• Home Sales and Inventory: Demand for housing, while still strong by historical standards, is showing signs of easing. According to the National Realtors Association, existing home sales dropped by 2.3 percent in September from the prior year, which is the second straight month of decline. At the same time, existing home inventory dropped by 13 percent over the past year (see chart 5), and the months supply of inventory stood at a very low 2.3 months, well below the 4-to-6 months supply that is considered balanced. Though supply shortages remain part of the reason for softer sales, there is growing evidence that housing demand may be impacted by increasing concerns about affordability. According to the Fannie Mae Home Purchase Sentiment Index (HPSI) in October, only 30 percent of home buyers surveyed said that it was a good time to buy, while 77 percent believed it was a better time to sell. Though up from the previous month, the share of consumers who believed it was a good time to buy was still near historic lows.
  • Construction Activity: Despite continued supply chain disruptions, new home construction accelerated through the third quarter of 2021 as builders sought to keep pace with demand. Over the past year ending in September, new home starts increased by 33 percent (see chart 6) and markets in Texas, such as Houston and Dallas, continue to lead the nation in new home construction activity (see chart 7). Still, bottlenecks in the supply chain and upward pressure on labor and material costs are expected to continue to challenge homebuilders.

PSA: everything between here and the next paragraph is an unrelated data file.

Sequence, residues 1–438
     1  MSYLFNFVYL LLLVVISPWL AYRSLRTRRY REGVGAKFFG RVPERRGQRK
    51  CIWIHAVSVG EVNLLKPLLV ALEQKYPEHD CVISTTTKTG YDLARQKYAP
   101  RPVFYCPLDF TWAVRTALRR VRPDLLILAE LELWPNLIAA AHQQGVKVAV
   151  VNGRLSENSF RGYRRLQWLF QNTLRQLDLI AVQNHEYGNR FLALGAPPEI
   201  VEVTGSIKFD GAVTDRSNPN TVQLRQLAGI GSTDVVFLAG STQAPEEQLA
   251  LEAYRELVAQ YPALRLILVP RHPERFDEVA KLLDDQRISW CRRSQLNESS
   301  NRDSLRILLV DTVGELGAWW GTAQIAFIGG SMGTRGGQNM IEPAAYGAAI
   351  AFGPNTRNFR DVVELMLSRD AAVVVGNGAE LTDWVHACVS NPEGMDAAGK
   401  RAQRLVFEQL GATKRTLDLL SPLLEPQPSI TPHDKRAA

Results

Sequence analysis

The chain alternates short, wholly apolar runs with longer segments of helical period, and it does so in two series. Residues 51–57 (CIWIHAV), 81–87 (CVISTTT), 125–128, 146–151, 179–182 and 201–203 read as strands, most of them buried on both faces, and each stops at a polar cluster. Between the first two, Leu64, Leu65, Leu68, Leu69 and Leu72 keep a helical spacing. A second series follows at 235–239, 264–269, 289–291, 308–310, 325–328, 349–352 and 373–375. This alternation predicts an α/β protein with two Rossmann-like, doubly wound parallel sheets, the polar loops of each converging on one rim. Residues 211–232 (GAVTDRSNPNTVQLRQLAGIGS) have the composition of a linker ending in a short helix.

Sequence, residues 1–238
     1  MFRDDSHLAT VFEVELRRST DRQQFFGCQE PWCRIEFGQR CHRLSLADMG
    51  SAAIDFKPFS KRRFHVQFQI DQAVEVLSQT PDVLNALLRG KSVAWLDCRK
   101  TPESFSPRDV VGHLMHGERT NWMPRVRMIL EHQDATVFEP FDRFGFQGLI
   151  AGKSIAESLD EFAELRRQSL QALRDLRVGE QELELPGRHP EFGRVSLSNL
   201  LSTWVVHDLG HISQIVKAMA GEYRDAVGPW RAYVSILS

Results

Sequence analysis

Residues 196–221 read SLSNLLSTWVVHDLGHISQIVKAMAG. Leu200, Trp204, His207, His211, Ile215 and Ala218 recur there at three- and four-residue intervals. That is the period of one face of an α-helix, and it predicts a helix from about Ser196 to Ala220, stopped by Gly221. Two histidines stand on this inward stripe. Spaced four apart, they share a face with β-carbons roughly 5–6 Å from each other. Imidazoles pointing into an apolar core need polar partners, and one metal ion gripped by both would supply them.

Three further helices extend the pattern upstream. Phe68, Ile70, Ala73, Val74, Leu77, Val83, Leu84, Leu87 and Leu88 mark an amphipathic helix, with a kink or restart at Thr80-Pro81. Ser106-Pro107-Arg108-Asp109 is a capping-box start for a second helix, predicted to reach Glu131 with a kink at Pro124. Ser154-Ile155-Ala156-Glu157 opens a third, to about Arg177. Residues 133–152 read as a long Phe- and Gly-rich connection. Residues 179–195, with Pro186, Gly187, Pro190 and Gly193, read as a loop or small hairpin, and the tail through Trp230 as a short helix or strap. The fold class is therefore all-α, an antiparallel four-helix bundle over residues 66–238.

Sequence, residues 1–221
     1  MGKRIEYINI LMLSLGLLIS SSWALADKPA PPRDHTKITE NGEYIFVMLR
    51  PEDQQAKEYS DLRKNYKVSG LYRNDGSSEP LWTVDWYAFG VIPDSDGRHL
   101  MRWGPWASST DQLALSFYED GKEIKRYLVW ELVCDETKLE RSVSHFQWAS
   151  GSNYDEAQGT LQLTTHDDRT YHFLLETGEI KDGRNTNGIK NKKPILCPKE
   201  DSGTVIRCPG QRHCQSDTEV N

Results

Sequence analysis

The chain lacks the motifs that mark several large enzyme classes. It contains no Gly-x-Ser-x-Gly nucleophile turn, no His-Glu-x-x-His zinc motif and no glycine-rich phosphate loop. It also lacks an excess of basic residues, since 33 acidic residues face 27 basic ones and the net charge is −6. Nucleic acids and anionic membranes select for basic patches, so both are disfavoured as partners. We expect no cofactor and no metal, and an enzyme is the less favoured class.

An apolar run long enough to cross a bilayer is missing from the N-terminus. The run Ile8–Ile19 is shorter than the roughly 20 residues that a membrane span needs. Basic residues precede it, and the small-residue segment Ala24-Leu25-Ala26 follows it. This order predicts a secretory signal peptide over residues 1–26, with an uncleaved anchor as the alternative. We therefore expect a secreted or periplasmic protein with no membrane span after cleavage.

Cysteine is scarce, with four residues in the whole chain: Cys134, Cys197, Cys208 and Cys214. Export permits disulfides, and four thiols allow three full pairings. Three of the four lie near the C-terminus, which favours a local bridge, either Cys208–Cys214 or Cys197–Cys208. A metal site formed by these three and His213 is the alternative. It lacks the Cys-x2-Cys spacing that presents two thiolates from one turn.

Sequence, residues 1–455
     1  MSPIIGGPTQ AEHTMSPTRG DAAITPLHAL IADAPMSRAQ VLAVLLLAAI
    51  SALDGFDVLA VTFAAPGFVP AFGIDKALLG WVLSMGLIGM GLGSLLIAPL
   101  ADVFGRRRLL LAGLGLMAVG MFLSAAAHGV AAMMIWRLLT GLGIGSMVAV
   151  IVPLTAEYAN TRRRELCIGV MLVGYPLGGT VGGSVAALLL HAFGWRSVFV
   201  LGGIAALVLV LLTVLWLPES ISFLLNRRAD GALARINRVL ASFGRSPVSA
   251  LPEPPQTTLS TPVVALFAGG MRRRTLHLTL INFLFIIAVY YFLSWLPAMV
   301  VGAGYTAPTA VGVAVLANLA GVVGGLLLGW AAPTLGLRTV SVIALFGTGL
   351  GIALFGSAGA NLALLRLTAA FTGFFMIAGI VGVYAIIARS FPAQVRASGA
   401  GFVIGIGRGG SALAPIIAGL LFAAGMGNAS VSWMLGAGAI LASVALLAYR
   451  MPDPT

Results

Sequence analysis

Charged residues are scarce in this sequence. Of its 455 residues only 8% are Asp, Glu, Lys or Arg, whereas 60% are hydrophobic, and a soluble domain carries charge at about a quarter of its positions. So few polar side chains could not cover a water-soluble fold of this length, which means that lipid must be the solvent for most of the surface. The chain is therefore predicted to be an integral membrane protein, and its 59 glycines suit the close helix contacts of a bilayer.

• Mortgage Rates and Underwriting: At the end of August, the 30-year fixed mortgage rate stood at 2.9 percent, according to Freddie Mac. Since then, interest rates have slowly risen, ending October at 3.1 percent (see chart 8). Although remaining near historic lows, the marginal increase in mortgage rates is likely to lead to further declines in affordability. In the meantime, according to the most recent Federal Reserve's Senior Loan Officer Survey, banks reported stronger demand for most types of residential real estate loans during the second quarter. Except for government-sponsored enterprise (GSE)-eligible mortgages and subprime mortgages, banks also reported continual easing of residential mortgage underwriting standards. This is especially true for jumbo mortgages (those exceeding GSE loan-servicing limits of $548,250 in all states except for areas designated as high-cost markets, where the limit is $822,375). Demand for jumbo mortgages has seen the strongest increase of all residential loan categories. The easing of underwriting standards mostly reflects the removal of tighter lending policies put in place during the pandemic to bolster protections against default.